Is there any difference between “word-for-word translation” and “word-by-word translation” and is the latter actually valid?

First off, some data: According to COCA "word-for-word" has 60 usages, 3 of them are "word-for-word translation". "Word-by-word" has 26 usages, none of them are "word-by-word" (but some with ...
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1answer
54 views

“to” or “of” or both whilst referring to cities and places

I saw these billboards today: Turkey home of Istanbul Turkey home of Nemrut Nemrut is a mountain in Turkey with prehistoric monuments, and I think home of is the new slogan for Turkey. ...
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1answer
41 views

Is “Alligators and Kangaroos” a set phrase to express an encounter with unexpected happening?

The Entertainment Movies section of Today’s (May 9) Time magazine introduces the Hollywood version of the children’s book, “The Alexander and the Terrible, Horrible, No Good, Very Bad Day” under the ...
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2answers
34 views

Acronym or initialism presentation

When creating an acronyms/initialisms in a document which will be referenced throughout the document, what is the proper way to display it for the first time? ("Word") or just (Word)?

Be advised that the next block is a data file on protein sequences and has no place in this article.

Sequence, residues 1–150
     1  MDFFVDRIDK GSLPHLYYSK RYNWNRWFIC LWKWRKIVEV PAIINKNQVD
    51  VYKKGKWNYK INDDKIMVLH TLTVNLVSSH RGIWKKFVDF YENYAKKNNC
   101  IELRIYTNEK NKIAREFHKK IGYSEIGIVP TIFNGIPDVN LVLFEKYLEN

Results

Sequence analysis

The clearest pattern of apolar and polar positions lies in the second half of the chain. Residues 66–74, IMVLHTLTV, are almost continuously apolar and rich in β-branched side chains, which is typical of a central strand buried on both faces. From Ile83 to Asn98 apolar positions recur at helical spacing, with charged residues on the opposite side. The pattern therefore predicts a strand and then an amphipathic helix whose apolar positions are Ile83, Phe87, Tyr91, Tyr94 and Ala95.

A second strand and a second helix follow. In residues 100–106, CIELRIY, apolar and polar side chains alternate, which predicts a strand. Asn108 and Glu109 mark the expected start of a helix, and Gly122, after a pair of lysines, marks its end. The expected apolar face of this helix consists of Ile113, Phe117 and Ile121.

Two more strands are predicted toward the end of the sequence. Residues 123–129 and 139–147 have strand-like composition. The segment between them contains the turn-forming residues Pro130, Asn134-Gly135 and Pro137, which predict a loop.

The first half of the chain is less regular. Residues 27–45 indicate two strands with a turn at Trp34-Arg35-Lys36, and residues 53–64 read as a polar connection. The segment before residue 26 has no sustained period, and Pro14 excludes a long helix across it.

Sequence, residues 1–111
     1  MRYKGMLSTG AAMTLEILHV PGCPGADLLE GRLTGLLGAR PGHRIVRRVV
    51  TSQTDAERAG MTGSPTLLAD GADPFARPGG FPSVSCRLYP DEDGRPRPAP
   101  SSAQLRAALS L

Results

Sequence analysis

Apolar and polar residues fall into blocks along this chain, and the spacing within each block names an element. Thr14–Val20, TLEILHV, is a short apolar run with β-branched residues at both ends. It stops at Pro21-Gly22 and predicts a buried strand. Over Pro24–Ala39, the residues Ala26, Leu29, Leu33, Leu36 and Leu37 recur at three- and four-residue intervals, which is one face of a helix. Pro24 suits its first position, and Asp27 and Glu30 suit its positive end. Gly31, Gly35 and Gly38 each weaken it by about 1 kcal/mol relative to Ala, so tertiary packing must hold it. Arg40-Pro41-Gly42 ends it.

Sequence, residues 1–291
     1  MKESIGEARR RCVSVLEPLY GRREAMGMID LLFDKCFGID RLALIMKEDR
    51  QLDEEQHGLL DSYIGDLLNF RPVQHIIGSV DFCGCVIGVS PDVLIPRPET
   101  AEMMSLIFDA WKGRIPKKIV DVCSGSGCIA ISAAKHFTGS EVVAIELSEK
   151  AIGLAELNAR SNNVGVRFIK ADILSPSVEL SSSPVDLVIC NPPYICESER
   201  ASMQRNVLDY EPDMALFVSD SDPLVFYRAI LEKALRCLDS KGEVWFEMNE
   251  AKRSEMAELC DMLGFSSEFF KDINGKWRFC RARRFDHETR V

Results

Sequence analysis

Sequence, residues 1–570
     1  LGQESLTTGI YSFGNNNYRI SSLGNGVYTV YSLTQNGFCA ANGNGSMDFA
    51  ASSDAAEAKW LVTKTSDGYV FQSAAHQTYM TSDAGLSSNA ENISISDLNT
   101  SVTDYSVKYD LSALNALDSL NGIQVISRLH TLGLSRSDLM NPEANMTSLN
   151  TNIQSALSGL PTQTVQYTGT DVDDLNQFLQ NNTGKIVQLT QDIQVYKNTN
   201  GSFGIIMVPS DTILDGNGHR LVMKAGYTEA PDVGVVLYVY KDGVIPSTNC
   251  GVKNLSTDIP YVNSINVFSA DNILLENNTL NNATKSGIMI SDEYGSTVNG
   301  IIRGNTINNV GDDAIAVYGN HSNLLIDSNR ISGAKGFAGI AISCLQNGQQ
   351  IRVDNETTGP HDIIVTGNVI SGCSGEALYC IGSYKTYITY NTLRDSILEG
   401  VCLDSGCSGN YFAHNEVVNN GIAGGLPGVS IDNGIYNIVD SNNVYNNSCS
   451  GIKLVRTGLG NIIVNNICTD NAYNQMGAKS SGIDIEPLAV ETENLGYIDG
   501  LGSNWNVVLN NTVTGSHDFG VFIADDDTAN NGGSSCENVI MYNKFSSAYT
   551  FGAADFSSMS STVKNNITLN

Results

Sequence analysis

2
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2answers
133 views

Origin of “off the meter” idiomatic phrase

When and how did the phrase "off the meter" become established as an idiom? Urban Dictionary defines "off the meter" as the condition of being "very good, awesome, great". I have heard and said it ...
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1answer
106 views

what's the difference between “Remarks” and “Note”?

When I make a table, there is a column we left for the things we forget to write down on it. What would we call this item? Remarks or Note?
2
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2answers
179 views

By taking the public relations offensive - meaning

By taking the public relations offensive, the Russians have time and again been two steps ahead. U.S. and Western officials, not to mention the Kiev government, are left scrambling to debunk the ...